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Tag: Slate

Hitchens on Hillary: The case against drama

Wednesday, 11 March, 2015 0 Comments

Hillary Clinton went on a First-Lady tour of Asia in April 1995. Along the way, she visited Nepal and was introduced to Sir Edmund Hillary, of Mount Everest fame. Thereupon, she announced that her mother had actually named her for the great mountaineer. This assertion ended up a decade later in her husband’s memoirs.

Fact: Hillary Clinton was born in 1947, and Sir Edmund Hillary and Tenzing Norgay did not climb Mount Everest until 1953. Jennifer Hanley, a spokeswoman for Mrs Clinton, put it like this in October 2006 after the fiction had been exposed: “It was a sweet family story her mother shared to inspire greatness in her daughter, to great results I might add.”

All of this, and more, can be found in “The Case Against Hillary Clinton” by Christopher Hitchens, which appeared seven years ago in Slate. His conclusion was devastating: “Indifferent to truth, willing to use police-state tactics and vulgar libels against inconvenient witnesses, hopeless on health care, and flippant and fast and loose with national security: The case against Hillary Clinton for president is open-and-shut.” And, as the 2008 campaign record shows, the primary voters responded accordingly.

Incidentally, the Slate sub-heading on the Hitchens article was “Why on earth would we choose to put the Clinton family drama at the center of our politics again?” and Josh Marshall of Talking Points Memo places “drama” at the heart of his take on the latest Hillary theatre. In “The Joy and the Drama” he observes, wearily, “The Clintons are great. But there is always something. Always. Always a dance, always drama.”

The case against Hillary Clinton remains conclusive. Martin O’Malley offers less drama.


Working with Beansprock and SAFFiR

Friday, 6 February, 2015 0 Comments

As we come to the end of our week of looking at developments in the emerging robotics/AI area, all signs indicate that the subject is moving from the technology pages to the mainstream. A sample of today’s headlines from Al Jazeera, Slate and Reuters: Hotel staffed by robots to open in Japan, Automated journalism is no longer science fiction, China to have most robots in world by 2017, an on and on and on.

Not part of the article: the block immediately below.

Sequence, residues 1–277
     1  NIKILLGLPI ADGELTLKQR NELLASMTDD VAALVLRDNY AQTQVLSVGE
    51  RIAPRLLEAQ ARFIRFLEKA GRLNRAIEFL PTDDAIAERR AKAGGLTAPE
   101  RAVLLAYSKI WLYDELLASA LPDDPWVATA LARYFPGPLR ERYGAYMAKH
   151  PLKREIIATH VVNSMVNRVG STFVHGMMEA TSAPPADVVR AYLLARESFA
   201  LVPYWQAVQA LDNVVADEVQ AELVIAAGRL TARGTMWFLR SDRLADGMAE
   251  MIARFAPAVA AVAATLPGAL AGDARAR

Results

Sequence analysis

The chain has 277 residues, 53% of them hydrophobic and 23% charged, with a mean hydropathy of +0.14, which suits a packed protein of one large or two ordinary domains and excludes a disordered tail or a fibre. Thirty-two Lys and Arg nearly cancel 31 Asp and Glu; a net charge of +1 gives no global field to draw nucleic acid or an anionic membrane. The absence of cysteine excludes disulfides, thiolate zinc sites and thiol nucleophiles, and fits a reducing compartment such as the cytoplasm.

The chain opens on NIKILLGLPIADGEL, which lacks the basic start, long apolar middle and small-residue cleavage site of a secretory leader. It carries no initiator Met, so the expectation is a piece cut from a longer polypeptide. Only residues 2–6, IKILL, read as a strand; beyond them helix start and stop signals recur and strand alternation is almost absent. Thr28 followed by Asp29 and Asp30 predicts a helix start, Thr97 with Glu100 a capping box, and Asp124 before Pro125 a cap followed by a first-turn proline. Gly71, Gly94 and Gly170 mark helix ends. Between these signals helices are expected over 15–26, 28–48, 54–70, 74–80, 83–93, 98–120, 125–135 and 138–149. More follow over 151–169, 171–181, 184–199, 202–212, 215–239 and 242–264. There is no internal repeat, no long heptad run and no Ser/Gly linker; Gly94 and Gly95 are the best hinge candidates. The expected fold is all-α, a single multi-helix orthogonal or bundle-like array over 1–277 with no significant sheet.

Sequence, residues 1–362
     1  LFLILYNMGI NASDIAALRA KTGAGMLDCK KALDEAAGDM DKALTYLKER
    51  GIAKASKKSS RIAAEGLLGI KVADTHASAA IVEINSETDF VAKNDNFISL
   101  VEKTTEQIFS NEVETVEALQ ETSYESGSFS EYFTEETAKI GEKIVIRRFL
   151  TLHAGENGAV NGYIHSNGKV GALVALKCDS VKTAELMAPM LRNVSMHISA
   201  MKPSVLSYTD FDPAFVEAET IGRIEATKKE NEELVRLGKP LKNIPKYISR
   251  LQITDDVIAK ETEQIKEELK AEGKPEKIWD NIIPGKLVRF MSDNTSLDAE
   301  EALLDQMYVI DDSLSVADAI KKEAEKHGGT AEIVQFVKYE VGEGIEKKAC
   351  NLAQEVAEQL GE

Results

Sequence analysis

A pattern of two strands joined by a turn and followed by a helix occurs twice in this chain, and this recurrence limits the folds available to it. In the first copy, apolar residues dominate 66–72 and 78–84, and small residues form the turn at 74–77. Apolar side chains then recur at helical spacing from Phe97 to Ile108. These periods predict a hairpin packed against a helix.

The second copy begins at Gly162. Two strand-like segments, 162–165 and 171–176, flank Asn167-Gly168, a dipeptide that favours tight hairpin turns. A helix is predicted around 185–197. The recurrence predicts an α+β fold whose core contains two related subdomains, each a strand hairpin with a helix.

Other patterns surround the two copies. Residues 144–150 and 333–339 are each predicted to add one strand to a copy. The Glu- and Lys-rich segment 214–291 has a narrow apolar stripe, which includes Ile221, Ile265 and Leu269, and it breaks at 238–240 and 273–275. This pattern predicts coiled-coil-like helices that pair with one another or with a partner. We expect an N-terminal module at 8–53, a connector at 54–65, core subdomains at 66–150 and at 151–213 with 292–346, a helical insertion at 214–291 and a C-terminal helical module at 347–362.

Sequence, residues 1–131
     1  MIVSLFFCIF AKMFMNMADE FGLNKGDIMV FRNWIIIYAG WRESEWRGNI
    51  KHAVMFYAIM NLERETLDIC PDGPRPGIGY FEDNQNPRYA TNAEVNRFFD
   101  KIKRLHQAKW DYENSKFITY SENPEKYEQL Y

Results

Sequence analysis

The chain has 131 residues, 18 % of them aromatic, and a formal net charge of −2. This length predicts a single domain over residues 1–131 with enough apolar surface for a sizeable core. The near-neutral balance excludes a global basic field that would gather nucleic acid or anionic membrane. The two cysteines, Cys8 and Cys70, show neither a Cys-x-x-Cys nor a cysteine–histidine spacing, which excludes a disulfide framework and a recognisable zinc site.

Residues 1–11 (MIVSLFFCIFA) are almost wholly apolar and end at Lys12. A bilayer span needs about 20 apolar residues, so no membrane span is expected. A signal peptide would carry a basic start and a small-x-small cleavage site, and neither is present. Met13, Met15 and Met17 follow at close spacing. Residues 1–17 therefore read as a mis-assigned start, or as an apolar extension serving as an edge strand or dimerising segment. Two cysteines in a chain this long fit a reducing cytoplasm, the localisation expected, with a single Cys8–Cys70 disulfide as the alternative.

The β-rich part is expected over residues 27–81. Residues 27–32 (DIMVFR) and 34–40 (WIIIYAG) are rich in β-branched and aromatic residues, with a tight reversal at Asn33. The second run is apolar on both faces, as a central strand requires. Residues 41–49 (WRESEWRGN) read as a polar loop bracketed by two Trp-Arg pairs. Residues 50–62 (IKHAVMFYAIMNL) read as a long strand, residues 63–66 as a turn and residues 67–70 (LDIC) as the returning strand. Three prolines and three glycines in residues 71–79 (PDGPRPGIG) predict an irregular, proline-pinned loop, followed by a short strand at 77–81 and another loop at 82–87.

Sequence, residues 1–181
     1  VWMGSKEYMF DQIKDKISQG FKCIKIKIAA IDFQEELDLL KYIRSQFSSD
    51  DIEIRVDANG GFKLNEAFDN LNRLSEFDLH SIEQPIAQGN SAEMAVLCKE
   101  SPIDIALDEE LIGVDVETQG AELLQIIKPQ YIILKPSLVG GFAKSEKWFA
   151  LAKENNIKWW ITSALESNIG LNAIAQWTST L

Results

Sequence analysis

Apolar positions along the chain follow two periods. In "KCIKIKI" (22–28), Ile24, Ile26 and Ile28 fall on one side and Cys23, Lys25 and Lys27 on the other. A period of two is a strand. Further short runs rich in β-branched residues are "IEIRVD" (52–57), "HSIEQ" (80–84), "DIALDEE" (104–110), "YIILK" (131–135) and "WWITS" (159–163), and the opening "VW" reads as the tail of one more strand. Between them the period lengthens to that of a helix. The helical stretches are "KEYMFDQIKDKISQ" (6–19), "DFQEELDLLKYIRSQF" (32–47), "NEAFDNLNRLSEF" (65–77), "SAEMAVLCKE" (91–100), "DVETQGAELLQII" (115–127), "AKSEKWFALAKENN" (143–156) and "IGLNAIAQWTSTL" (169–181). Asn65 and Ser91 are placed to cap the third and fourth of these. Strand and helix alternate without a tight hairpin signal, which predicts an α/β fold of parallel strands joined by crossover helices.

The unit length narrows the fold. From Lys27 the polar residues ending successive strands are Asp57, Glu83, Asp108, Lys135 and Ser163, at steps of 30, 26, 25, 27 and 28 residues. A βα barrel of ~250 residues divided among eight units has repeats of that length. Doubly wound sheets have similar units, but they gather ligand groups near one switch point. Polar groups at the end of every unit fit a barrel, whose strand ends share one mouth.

Where is all this taking us? Well, take a look at Beansprock, a machine learning-based job search platform. Slogan: “Our artificial intelligence evaluates thousands of new tech jobs while you sleep and emails you only the best one.” When it knows a user’s skills, Beansprock can then predict which jobs are a match and which ones are not. The focus is on the tech industry in San Francisco, Boston and New York, and the company claims that it’s processing tens of thousands of job postings every day. Long term, the founders hope to expand the platform to include non-technical jobs.

Another example: “It’s what we call the hybrid force: humans and robots working together.” The person being quoted there by The Verge is the program manager at the US Navy’s Office of Naval Research. Thomas McKenna was speaking at the unveiling of the Shipboard Autonomous Firefighting Robot (SAFFiR). What can it can that humans cannot? Well, it’s loaded with sensors such as infrared stereo-vision and laser light detectors, which enable it to find its target through thick smoke. The creators imagine a future where human-robot hybrid teams will work together as first responders when fires break out. This, then, is the near future. It’s a world where robotics and AI will be working for us and with us.


Christopher Hitchens on Charlie Hebdo

Friday, 9 January, 2015 1 Comment

In February 2006, the late, much lamented Christopher Hitchens addressed the “international Muslim pogrom against the free press”. In light of the Charlie Hebdo massacre, his words are need re-reading today:

“When Salman Rushdie published The Satanic Verses in 1988, he did so in the hope of forwarding a discussion that was already opening in the Muslim world, between extreme Quranic literalists and those who hoped that the text could be interpreted. We know what his own reward was, and we sometimes forget that the fatwa was directed not just against him but against ‘all those involved in its publication,’ which led to the murder of the book’s Japanese translator and the near-deaths of another translator and one publisher. I went on Crossfire at one point, to debate some spokesman for outraged faith, and said that we on our side would happily debate the propriety of using holy writ for literary and artistic purposes. But that we would not exchange a word until the person on the other side of the podium had put away his gun.”


Despites the tablets, The Daily died

Tuesday, 4 December, 2012 0 Comments

“The Australian-born media mogul thought he could launch a new breed of news product from scratch. But in his quest for bold digital efficiency, he failed to see that a news product with no history, no breadth, no soul, no character could only face an uncertain future.” So noted Frédéric Filloux about The Daily, the […]

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Slovenly Slate, ghastly Guardian, zany Zeit smear of Paul Ryan

Wednesday, 15 August, 2012

The biased nature of what passes for journalism today was on full display yesterday when three media organs participated in a smear of Paul Ryan that would be laughable were it not so dreadful. First up was Slate, where the Andrew Sullivan lookalike, typealike Matthew Yglesias could not resist repackaging unsupported insider trading accusations leveled […]

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